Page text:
Citycon Raising $550 Million to Repay Debt, Fund Purchases
Citycon Oyj (CTY1S), a Finnish owner of shopping malls, plans to sell shares for about 400 million euros ($550 million) to repay debt and fund acquisitions.
Citycon priced the shares at 2.65 euros apiece, the Helsinki-based company said today in a statement. The Canada Pension Plan Investment Board will invest about 206.4 million euros, and shareholders will be offered a chance to buy 196.5 million euros in stock in a fully underwritten rights issue.
“We want to expand in Finland, Sweden and Estonia, and Denmark on a small scale,” Aharon Soffer, chief executive officer of Gazit-Globe Ltd. (GZT), Citycon’s largest stakeholder, said by phone. “The risk versus reward makes lots of sense for us.”
The shopping-mall owner partnered with the Canada pension board in 2012 in a 4.6 billion-krona ($700 million) deal to buy Kista Galleria, outside Stockholm. The Canadian investor will hold about 15 percent of Citycon shares after the issue, and the sale to shareholders will represent about 12.5 percent of the stock after the transactions.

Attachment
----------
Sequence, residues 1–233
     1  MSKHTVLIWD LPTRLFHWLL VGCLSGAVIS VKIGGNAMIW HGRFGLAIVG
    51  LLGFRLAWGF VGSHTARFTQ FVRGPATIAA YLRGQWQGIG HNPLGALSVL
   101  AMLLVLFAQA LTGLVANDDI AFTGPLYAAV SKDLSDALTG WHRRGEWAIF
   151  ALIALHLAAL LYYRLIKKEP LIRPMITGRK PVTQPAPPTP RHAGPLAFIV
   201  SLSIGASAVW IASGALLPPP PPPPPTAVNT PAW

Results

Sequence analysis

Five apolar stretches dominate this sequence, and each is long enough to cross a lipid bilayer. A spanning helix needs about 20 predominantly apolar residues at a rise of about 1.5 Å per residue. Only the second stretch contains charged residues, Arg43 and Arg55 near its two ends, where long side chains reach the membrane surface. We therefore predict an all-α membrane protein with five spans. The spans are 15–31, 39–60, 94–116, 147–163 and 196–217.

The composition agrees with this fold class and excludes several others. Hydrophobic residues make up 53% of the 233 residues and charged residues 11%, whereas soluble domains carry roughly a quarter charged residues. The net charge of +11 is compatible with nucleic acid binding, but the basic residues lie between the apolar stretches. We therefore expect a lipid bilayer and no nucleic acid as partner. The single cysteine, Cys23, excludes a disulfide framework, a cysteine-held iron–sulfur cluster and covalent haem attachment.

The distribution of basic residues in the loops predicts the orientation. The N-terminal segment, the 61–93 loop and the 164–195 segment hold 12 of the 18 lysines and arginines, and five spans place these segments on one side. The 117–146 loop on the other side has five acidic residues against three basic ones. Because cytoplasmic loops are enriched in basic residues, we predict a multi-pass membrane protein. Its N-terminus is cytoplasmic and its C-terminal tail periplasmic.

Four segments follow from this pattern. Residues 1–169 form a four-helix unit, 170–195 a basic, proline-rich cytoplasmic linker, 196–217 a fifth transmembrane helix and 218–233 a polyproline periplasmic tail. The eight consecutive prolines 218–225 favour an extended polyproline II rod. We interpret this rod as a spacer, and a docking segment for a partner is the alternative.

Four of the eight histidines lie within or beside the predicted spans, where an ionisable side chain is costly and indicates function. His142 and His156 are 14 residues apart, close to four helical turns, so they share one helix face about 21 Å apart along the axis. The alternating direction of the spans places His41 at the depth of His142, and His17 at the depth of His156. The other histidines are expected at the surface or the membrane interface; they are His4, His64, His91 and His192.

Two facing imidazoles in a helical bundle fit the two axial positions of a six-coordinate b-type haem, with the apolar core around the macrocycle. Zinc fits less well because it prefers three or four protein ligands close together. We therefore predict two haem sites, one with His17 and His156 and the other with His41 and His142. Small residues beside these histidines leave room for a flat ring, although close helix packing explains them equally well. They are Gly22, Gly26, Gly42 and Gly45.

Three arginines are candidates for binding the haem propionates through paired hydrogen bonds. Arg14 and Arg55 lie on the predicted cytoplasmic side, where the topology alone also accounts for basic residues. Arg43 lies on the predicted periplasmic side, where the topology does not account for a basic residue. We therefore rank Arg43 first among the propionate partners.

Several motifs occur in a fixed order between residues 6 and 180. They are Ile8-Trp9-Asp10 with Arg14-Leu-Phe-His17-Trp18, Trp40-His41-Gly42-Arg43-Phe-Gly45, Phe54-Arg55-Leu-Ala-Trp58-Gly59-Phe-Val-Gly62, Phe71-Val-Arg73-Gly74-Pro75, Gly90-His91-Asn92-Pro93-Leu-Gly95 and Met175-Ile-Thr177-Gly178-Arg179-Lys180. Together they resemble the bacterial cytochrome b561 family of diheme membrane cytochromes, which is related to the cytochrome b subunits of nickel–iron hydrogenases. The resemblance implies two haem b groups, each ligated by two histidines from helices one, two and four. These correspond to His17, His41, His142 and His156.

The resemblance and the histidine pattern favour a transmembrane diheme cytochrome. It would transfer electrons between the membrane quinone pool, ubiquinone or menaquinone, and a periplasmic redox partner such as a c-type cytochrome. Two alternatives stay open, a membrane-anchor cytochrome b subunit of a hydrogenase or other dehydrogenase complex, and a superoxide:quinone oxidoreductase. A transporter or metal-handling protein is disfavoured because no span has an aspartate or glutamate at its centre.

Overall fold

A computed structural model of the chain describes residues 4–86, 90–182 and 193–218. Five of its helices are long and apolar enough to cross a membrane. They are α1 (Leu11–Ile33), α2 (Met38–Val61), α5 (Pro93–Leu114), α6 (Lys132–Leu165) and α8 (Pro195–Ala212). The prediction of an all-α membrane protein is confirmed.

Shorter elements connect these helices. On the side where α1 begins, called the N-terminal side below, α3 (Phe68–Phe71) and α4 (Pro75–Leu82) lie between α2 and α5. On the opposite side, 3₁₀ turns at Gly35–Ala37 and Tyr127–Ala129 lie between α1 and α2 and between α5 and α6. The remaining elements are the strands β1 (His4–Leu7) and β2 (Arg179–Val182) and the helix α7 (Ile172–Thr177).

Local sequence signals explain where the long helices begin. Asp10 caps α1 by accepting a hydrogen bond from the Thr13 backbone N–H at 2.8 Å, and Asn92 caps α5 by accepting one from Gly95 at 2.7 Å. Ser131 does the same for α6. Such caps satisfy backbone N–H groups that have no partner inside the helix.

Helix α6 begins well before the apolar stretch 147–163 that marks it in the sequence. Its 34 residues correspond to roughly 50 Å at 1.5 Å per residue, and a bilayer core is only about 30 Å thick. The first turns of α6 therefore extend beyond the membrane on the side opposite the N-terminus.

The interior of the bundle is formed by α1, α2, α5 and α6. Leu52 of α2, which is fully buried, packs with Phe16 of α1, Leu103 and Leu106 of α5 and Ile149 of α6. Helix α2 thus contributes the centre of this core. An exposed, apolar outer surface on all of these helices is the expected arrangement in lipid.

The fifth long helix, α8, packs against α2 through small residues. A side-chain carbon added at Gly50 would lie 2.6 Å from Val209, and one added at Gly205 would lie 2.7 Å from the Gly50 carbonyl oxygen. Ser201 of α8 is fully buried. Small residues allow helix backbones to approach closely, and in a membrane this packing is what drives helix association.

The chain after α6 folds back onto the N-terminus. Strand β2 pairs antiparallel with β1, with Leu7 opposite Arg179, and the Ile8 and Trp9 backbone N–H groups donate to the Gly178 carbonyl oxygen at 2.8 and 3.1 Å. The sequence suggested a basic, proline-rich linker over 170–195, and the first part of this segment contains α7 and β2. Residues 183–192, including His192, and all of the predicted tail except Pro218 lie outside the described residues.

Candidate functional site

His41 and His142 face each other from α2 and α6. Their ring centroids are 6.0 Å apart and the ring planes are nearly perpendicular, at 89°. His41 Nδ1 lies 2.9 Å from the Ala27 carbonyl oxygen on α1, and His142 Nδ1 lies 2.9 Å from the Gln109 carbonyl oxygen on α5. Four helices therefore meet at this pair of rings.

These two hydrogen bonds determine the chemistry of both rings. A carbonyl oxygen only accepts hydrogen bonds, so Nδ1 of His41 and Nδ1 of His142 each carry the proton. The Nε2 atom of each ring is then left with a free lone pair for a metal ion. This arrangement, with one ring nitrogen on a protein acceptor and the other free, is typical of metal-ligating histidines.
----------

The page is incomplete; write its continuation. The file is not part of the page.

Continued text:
Citycon said it will use the proceeds to repay about 300 million euros of debt, giving it “freedom to recycle capital accretively by pursuing select acquisitions” and development projects. Chaim Katzman, chairman of Gazit-Globe and Citycon, said in March last year that the company’s Nordic expansion was being curbed by a lack of acquisition targets.
“The addition of a globally recognized real estate investor as one of its strategic shareholders will also increase Citycon’s profile as a shopping-center industry leader, which should enhance the company’s attractiveness to investors,” it said.
Gazit-Globe owns 49.3 percent of Citycon shares. The Tel Aviv-based company will subscribe to the rights issue, along with Ilmarinen Mutual Pension Insurance Co., Citycon’s second-largest shareholder, the Finnish company said. Gazit-Globe’s stake may decline to as low as 42 percent after the rights offering, depending on other shareholders, according to CEO Soffer.
The stock declined 0.7 percent to 2.69 euros at 4:15 p.m. in Helsinki. That pared the gain this year to 10 percent.
The company has about 2.15 billion euros of outstanding bonds, term loans and revolving credit facilities, including interest, through 2020, according to data compiled by Bloomberg.
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